I Was Fighting an Invisible Enemy, and I Was Losing

Posted on June 29, 2022

Each semester, the IETF awards four $1,000 college scholarships to students who have essential tremor through its Catherine S. Rice Scholarship Fund. As part of the application process, students are asked to write an essay on the topic, “how essential tremor has affected my life.” The following essay is from one of our fall 2022 scholarship recipients.

By Maria Hermosillo Arrieta,
Mount Mercy University
Cedar Rapids, IA

photo of Maria Hermosillo Arrieta, scholarship winner

Growing up with undiagnosed essential tremor in a small town in Mexico shaped me in ways that few things in my life have had the capacity to. The constant shaking of my hands caused an extensive questioning by everyone around me: “why are you shaking so much?”, “are you nervous?,” “are your hands okay?” and an even more intense questioning within my head: “is this normal?”

With few opportunities and resources available to us in Mexico, my parents and I embarked on a quest to find answers, starting with Google, and ending in homeopathy. With each trial, there was an increased sense of hope, a sense of finding the answer. Nonetheless, this hope was dimmed time after time, seeing no improvements and no answers. At such a young age—I was 10 years old at the time—I felt helplessly and desperately out of control, especially because I felt like I was fighting an invisible enemy, and I was losing. More importantly, I felt like an outcast, being judged, and often questioned by a situation that I could not understand, much less control.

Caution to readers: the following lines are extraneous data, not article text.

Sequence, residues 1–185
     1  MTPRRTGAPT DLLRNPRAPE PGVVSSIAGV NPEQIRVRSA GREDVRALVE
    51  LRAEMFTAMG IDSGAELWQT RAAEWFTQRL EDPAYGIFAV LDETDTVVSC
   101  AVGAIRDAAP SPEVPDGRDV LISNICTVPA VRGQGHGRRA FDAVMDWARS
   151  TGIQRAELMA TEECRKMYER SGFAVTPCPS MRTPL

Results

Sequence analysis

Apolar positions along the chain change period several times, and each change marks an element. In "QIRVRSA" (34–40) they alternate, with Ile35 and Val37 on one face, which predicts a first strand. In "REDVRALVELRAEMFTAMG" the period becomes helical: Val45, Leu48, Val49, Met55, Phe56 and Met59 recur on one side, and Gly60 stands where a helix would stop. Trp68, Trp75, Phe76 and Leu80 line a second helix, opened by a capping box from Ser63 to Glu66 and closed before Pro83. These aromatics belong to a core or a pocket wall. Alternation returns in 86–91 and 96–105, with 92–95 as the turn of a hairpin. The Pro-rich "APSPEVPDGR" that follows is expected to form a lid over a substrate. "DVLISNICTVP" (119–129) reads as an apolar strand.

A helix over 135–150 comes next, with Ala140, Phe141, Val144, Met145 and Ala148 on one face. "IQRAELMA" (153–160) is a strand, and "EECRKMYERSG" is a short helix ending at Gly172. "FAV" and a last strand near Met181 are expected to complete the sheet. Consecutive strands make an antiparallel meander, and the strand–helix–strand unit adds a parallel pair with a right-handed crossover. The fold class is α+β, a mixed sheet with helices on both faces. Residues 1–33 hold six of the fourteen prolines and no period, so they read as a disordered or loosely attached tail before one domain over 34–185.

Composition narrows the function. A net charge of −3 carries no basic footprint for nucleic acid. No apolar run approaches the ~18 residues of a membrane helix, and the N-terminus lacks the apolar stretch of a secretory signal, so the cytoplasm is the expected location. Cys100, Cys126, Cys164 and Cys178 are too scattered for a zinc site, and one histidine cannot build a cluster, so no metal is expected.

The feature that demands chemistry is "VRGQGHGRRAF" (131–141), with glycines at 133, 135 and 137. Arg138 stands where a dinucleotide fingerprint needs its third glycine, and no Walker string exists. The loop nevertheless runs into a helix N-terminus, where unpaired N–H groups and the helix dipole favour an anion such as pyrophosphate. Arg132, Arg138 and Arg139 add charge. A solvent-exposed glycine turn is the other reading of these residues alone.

This situation went on for a couple of years, until my family and I were able to move to the United States. Once here, we moved quickly to find medical insurance and a primary care provider that would refer me to a neurologist, who would hopefully be able to enlighten me. Finally, at the age of 17, I felt like I could finally see the light at the end of the tunnel, as this was the age when I was officially diagnosed with essential tremor. People say that knowledge is power, and wow, have I felt empowered ever since that moment. Knowing about my condition has allowed me to research and truly understand what is happening. I no longer feel like an outsider within my own body, but someone who has control over themselves and the course of their life. Do not get me wrong, there are still some very hard days; days in which the tremors are so significant that eating soup or pipetting in my science laboratories without spilling becomes difficult, almost impossible. But there are also some good days; days in which I can paint my nails by myself and complete my embroideries without messing it up.

Essential tremor has been one of the most detrimental parts of my life. Having it has robbed me of smiles, opportunities, and confidence, but it also has given me a drive to push forward, a passion to live, and a community of people who support and loves me.

Essential tremor made me scared, angry, and vulnerable. I made myself strong.

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Do you want to help support students with ET during their educational journey? Make a donation to the ET scholarship fund online.